4- best lens for outdoor modeling shots. Capturing the best colors out of Modeling poses with impressive backgrounds of all sizes.
    1. Canon EF 300mm f/2.8L IS II USM
    2. Canon EF 70-200mm f/2.8L IS II USM
    3. Canon EF 135mm f/2L USM

    ****

    Overall, if you want the best flexibility for all conditions above, and if money permits, get these three lenses:
    • Canon EF 24-70mm f/2.8L II USM
    • Canon EF 70-200mm f/2.8L IS II USM
    • Canon EF 85mm f/1.2L USM
    You'd be covered for basically all situations you described with the 5D Mark IV. Good luck!

    ****

    PS: The sigular form is written "lens", not "lense". "Lense" does not exist.
     
  3. Abbysuliman

    Abbysuliman TPF Noob!

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    Thank you thank you thank you

    Exactly the perfect combo.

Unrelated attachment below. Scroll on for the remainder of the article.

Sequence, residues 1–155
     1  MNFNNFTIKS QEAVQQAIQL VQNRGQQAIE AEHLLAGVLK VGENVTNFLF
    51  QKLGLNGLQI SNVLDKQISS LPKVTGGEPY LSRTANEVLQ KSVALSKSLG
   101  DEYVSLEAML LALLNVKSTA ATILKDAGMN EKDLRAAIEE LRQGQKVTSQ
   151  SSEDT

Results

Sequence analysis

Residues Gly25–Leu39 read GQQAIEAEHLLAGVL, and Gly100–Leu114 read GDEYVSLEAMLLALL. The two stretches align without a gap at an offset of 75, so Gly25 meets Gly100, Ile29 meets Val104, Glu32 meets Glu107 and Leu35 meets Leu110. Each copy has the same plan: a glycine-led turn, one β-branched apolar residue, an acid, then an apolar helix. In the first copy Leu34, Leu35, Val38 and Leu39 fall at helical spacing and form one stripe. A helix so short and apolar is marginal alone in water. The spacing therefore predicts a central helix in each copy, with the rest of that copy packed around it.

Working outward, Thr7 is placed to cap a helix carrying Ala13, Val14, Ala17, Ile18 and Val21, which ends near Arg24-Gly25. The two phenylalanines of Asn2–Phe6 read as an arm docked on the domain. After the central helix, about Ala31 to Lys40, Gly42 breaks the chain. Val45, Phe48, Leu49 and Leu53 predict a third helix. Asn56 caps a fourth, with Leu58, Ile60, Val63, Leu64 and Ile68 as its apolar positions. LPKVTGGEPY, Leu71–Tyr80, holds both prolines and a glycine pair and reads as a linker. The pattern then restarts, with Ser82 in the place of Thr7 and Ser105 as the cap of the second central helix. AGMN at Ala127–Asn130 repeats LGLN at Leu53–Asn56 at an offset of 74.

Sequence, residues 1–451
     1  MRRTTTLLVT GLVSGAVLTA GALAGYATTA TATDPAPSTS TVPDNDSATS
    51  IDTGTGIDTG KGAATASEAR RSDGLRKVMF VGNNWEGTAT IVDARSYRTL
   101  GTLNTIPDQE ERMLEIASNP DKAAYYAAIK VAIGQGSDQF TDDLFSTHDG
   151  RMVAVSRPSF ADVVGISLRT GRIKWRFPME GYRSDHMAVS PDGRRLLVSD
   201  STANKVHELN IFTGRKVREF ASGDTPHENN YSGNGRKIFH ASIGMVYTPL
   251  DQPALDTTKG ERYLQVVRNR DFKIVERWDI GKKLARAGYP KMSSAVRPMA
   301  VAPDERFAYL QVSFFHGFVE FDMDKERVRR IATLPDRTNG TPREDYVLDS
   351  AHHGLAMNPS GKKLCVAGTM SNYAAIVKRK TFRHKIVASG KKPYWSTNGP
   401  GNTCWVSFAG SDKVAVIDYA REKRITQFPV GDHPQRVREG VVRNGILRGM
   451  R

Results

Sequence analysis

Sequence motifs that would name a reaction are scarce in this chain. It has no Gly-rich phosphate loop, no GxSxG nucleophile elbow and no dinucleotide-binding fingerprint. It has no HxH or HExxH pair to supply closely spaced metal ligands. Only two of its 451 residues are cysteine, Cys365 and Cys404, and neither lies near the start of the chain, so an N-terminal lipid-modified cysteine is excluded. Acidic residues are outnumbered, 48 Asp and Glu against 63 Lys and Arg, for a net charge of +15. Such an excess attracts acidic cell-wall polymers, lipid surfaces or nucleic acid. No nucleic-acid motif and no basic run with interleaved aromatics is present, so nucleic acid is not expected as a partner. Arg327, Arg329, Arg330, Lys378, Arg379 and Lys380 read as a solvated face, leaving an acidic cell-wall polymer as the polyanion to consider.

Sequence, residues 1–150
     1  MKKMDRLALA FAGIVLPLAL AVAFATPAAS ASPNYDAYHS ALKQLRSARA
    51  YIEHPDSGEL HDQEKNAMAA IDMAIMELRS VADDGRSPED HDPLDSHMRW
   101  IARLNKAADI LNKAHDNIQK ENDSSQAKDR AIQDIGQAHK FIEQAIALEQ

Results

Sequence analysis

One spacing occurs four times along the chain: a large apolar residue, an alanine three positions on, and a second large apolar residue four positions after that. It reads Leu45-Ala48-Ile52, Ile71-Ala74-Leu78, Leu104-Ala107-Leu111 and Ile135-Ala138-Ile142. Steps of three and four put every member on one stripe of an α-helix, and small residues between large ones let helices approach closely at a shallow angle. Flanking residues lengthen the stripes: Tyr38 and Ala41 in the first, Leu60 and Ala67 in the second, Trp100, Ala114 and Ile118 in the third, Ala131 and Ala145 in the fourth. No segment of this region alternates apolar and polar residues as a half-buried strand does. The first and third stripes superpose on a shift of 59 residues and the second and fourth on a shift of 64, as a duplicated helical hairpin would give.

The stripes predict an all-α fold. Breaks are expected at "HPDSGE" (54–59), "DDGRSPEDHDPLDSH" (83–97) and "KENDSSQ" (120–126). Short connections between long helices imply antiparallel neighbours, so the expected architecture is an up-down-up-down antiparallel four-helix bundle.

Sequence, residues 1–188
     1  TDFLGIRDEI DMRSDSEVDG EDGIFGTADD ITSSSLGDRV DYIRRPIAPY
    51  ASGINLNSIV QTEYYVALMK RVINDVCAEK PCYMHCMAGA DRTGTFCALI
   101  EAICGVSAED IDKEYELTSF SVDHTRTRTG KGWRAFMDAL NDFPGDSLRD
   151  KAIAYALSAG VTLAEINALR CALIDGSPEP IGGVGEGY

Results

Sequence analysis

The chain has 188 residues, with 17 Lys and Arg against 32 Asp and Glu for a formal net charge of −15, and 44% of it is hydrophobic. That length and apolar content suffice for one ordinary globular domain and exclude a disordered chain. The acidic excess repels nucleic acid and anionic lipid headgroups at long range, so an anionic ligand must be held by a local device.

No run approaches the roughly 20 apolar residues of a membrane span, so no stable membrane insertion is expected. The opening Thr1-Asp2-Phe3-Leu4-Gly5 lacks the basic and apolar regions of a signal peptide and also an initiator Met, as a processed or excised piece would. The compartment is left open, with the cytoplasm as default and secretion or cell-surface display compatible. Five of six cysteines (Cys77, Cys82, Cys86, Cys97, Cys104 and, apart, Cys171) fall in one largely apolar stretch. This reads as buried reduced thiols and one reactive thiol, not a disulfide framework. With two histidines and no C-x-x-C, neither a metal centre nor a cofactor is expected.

2 final questions .

    1- which of these 3 lense you recommended would cover capturing great landscape photos no matter how far. (Sometimes lense causes landscape objects to appear farther away & tiny in photos comparing to what they appear with the naked eye )

    2. Lense 16-35 mm f/2.8 . does it offer anything extra that the 3 you mentioned won't do ? In another word would be a good addition to them ??

    Thank you sooo much you really helped out a lot
     
  4. KmH

    KmH In memoriam Supporting Member

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    Be mindful, a low f/# is a small lens aperture. f/11, f/16, f/22 are increasing small lens openings.
    High f/#, big lens opening - f/1.2, f/2, f/2.8.

    f/# is a fraction.
    With a large numerical denominator, the fraction is a small number.